Welcome back to another post about fantasy subgenres! Today I wanted to introduce Arthurian Fantasy, a genre dedicated to the high fantasy area of fantasy writing. On the surface, it seems obvious what Arthurian fantasy is. This subgenre is based on King Arthur and the overall Arthurian legend, but that’s only part of it. This genre often focuses on the specific King Arthur legend, but it can also expand beyond that. Turns out, there is a lot more to legends than meets the eye.
Ready to learn more about Arthurian legend, including how to write it? Check out the rest of the post below!
Arthurian legend itself encompasses a lot of different myths and a variety of stories throughout centuries. Arthurian fantasy obviously didn’t show up until much later, but works such as The Once and Future King by T. H. White showed up in the 20th century. But one of the reasons there is so much history and culture behind the King Arthur stories is because King Arthur himself belonged to history. Arthur was likely fictional but also possibly based on kings who existed throughout historical periods before the 1066 Norman conquest of Anglo-Saxon England.
It’s also not easy to pin down exactly where all the legend comes from either. Early evidence comes from Welsh and Breton mythology as early as the 500s, but there are also stories of King Arthur and other Arthurian characters in French literature in later centuries. Geoffrey of Monmouth would complete the first “historical” account of King Arthur in 1138, though it was designed to be fictional. The whole “medieval romance” aspect showed up around the 12th and 13th centuries, with authors such as Marie de France and Chrétien de Troyes. More famous works during that period also include Lancelot, the Knight of the Cart and Percival, the Story of the Holy Grail.
Probably the most famous work about King Arthur was Sir Thomas Malory’s Le Morte D’Arthur, published by William Caxton in 1485. While tales of Arthurian legend would decline in the following centuries, there would be a revival in the 19th century within the age of romanticism, especially with works by Tennyson.
Before you start writing, you should know about what sets this type of fantasy apart from others. For one, Arthurian legend had (more or less) specific characteristics when it was first being developed in mythologies. These characteristics can still be recognized today, and they make the Arthurian part of the fantasy stand out once you start writing.
Some characteristics include:
Additionally, Arthurian fantasy often follows two types: stories set in the same world as King Arthur (with the same characteristics of medieval romance) or a retelling of well-known characters and stories in Arthurian legend. You’ll find some awesome examples below! But now that you know what’s included, check out how to write this fantasy subgenre.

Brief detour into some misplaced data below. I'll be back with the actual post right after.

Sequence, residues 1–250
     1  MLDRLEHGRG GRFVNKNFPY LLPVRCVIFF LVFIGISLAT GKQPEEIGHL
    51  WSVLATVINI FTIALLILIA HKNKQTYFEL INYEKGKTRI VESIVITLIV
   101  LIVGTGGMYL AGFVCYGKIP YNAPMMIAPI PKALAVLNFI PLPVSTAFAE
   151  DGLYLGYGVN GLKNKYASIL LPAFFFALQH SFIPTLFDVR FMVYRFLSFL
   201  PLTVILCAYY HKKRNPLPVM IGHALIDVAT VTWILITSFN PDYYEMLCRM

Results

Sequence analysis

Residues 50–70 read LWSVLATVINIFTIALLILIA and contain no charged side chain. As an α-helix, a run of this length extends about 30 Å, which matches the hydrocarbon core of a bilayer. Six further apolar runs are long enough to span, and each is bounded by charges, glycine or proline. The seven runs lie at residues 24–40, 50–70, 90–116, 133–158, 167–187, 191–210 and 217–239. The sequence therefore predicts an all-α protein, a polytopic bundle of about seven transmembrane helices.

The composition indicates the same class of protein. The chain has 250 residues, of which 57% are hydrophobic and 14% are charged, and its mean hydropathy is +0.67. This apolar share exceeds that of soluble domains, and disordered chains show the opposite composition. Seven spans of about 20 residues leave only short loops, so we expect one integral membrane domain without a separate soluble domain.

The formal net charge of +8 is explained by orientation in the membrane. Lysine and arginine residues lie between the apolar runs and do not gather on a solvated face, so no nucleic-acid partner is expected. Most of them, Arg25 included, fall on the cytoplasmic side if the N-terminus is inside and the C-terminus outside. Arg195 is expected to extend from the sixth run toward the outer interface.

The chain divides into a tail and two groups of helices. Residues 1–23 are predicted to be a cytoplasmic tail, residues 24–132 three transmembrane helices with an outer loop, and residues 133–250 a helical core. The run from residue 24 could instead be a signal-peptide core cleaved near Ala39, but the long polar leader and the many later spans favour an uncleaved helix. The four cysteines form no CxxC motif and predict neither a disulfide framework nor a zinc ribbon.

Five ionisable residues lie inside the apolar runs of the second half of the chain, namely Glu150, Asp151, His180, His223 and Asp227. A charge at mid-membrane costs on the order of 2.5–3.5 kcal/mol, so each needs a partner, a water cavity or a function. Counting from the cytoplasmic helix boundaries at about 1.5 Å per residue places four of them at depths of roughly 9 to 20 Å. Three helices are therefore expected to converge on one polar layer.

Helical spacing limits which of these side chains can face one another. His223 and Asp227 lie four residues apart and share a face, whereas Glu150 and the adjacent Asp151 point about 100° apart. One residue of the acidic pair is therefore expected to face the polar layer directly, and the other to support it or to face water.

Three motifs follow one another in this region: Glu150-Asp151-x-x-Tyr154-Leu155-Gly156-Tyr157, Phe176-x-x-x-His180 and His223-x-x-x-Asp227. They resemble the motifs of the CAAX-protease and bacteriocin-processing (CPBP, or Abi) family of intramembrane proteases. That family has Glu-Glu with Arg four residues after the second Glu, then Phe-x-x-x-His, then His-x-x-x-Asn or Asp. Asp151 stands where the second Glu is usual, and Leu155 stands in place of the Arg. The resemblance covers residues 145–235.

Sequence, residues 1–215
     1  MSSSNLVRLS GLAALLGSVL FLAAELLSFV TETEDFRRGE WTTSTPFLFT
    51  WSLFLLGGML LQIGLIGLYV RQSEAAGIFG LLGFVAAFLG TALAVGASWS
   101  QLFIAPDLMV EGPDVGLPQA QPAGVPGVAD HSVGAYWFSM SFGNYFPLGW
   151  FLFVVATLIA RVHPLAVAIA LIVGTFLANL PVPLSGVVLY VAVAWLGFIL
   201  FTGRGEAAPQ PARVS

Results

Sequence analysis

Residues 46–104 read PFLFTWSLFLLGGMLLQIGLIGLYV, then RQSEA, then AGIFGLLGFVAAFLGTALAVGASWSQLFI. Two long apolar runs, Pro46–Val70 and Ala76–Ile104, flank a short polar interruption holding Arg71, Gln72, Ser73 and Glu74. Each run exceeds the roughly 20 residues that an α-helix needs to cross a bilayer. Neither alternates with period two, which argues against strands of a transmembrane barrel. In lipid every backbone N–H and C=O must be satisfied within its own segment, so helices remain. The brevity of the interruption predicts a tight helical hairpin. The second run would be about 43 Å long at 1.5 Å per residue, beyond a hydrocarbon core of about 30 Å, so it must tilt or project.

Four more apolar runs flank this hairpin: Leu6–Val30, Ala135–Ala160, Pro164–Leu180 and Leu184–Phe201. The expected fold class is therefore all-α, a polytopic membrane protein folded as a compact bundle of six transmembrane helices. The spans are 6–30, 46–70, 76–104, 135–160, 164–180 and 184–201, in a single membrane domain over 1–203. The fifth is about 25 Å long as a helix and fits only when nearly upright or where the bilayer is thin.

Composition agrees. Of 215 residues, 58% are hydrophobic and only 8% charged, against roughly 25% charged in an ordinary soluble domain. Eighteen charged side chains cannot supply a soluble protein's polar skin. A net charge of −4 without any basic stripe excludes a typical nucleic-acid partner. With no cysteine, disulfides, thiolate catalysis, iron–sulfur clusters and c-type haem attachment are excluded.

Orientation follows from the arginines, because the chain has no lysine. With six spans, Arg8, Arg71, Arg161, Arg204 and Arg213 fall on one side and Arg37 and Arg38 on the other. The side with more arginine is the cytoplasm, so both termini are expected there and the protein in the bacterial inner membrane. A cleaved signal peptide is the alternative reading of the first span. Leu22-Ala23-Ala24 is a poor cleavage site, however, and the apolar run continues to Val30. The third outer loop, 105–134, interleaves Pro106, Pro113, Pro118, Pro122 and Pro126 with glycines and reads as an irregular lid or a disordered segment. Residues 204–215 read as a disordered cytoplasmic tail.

If you want to start writing Arthurian fantasy, there are two major things that you need to remember. Well, maybe three major things. The first is that you don’t need to only focus on King Arthur when creating your own story. All the history surrounding the King Arthur legend proves that there are tons of directions and worlds you can explore through this type of fantasy or tons of stories that you can retell or reinvent. This type of fantasy might either focus on a story set in the world of King Arthur (or, more broadly, a medieval romance) or retell the story of King Arthur (or any one of the characters). Knowing the characteristics of what makes Arthurian fantasy will lay the groundwork for how you set up your own story. Second:
1) Focus on the epic. Next, you need the broad scope of the story to play out in a similar way to an Arthurian fantasy. To get the right scope, focus on the “epic” nature of an Arthurian story. How do you write something that’s considered an epic? Spoilers: it doesn’t mean it has to be overly long. Typically, when a story is called “epic” it’s because it focuses on a hero’s journey, along with major themes such as loss, honor, and more. Lots of stories do that! Arthurian legend is just a prime, often-cited example of this because of how long it’s been told and retold in different myths. Discover your hero, then set them out on a fantastic journey.
Also, ask yourself: what characteristics of medieval romance will your story have? This type of fantasy in particular may be an epic like lots of other stories are epic, but Arthurian legend still maintains characteristics that stem from the society it came from. This doesn’t mean that you can’t set something Arthurian in, say, ancient China, but it’s still important to remember what medieval romance often included. These stories focused on nobility, knights, people with magical abilities, quests, chivalry, and more. Additionally, these stories are often episodic, creating a broad scope by how everything comes together in the end.
2) Focus on the magic. Speaking of magical abilities, Arthurian fantasy needs a little bit of magic included as well. In these worlds, individuals with magic or other “fantastic” elements are normal, existing like the rest of the characters and often driving the story. After all, it’s not uncommon to start a quest because a witch or wizard told you to. Additionally, in Arthurian legend, supernatural creatures often appear, such as the Green Knight in Sir Gawain and the Green Knight, or even the Lady of the Lake, who hands over the sword Excalibur. Be sure to make the magical and fantastic another integral part of your story.
There are plenty more types of fantasy to explore, which will appear in more of my “A Definition” series! In the meantime, check out a few of the more famous King Arthur stories and Arthurian fantasy retellings below!
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